She did not provide a breakdown of how much each cut would save the district, saying those numbers will be presented at a Dec. 12 board meeting.
The cut in money saved to pay down pension debt won’t affect the district’s current contributions to cover employee pensions. It will instead draw down a savings cushion in an account that’s used to pay pension debts from already retired workers.
The district has been conservative with its pension debt in previous years and can afford to put less toward that account without affecting its ability to make payments, district officials said. That could change when the state next recalculates rates public employers must pay forward Oregon’s Public Employee Retirement System in 2025.
A second, larger round of cuts that hit schools directly will be needed to balance the district budget next year, Castañeda reiterated Wednesday. She became superintendent in July and has spent her first months detailing the need for deep budget cuts as the district runs out of federal Covid money used to hire dozens of employees.
Salem-Keizer, like districts across Oregon, is struggling with expenses rising faster than revenue, with wage increases and inflation eating into district budgets despite record state money set aside last year.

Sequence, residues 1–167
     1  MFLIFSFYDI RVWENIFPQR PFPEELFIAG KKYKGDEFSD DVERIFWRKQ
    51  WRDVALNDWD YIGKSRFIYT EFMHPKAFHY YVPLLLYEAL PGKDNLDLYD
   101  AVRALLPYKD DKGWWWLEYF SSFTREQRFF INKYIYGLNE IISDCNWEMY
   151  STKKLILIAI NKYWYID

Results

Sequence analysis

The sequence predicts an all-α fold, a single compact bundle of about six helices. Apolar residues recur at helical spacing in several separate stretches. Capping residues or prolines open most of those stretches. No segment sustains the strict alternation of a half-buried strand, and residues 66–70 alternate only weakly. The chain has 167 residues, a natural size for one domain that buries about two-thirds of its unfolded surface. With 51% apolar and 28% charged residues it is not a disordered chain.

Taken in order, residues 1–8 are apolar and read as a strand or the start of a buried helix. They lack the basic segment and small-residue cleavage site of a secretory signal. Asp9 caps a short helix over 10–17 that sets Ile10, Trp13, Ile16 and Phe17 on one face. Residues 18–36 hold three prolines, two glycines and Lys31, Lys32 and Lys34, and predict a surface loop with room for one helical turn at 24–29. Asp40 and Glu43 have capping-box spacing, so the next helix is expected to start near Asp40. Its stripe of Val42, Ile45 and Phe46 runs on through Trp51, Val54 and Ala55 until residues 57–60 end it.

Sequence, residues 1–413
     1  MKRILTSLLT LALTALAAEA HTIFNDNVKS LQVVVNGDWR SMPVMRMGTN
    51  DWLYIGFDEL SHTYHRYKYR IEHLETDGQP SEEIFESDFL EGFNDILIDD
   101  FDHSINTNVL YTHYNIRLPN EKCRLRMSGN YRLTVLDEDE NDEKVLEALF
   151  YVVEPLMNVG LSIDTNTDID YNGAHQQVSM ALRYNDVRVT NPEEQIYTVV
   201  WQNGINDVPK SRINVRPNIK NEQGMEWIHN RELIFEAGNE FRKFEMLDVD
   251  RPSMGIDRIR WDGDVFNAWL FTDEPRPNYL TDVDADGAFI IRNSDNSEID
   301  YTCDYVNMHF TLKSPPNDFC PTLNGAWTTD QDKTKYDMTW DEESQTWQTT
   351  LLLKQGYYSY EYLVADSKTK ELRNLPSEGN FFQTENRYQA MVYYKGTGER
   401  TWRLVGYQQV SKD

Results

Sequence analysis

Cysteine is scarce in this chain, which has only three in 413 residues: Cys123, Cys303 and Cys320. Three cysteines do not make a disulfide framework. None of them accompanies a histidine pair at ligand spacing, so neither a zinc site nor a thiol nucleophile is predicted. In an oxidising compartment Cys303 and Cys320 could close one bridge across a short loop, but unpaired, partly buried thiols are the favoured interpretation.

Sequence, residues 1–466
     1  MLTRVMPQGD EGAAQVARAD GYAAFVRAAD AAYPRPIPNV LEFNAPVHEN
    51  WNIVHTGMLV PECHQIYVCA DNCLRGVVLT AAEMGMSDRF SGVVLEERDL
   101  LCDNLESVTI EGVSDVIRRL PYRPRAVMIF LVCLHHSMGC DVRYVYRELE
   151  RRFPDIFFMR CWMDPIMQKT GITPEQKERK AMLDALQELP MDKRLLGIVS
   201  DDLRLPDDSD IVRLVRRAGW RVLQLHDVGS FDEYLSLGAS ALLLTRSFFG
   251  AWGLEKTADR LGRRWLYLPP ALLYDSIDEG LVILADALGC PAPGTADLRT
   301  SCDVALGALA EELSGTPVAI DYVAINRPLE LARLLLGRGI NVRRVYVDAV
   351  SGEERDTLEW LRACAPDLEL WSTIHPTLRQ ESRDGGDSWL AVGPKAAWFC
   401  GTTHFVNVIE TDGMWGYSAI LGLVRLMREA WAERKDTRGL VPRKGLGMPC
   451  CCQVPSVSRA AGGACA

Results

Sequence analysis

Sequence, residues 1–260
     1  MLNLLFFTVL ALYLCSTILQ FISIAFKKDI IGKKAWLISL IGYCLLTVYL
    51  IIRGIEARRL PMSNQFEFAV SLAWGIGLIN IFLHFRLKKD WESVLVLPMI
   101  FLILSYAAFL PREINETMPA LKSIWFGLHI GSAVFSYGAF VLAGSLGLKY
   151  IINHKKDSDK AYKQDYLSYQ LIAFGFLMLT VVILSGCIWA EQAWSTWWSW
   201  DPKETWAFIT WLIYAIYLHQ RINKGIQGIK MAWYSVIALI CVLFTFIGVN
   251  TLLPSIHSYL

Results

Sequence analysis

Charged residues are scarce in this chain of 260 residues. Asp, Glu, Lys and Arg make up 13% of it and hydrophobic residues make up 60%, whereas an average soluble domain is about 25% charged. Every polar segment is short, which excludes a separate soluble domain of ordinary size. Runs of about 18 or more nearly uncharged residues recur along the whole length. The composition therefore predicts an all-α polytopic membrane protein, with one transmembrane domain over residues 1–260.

District administrators will decide on the final round of cuts after a second set of community listening sessions to gather feedback, she said.
The amount needed to cut depends in part on contract negotiations with both of the district’s employee unions, which are headed to state mediation. An initial mediation session for teachers is Dec. 6, and for classified workers on Dec. 28.
Castañeda on Wednesday said the budget deficit is a symptom of an inequitable state funding formula for K-12 schools, which allows wealthier communities that approve property tax increases to spend thousands more per student than districts with lower property values and higher poverty rates like Salem-Keizer.
She echoed recent calls from Portland Public School leaders and Gov. Tina Kotek to reform the state funding to account for the realities of modern schools. Educators now are charged with addressing a host of social issues in addition to teaching students to read and write.
“Oregon’s state K-12 public education funding system is archaic and inequitable. It is creating enduring damage to Salem-Keizer Public School students and as of today there is no clear solution in sight,” Castañeda said in a video announcing the cuts.
Kotek signaled on Tuesday she would make school funding reform a priority for the next biennium, saying the state school funding formula may need to be “modernized.”
Contact reporter Rachel Alexander: [email protected] or 503-575-1241.
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Rachel Alexander is Salem Reporter’s managing editor. She joined Salem Reporter when it was founded in 2018 and covers city news, education, nonprofits and a little bit of everything else. She’s been a journalist in Oregon and Washington for a decade. Outside of work, she’s a skater and board member with Salem’s Cherry City Roller Derby and can often be found with her nose buried in a book.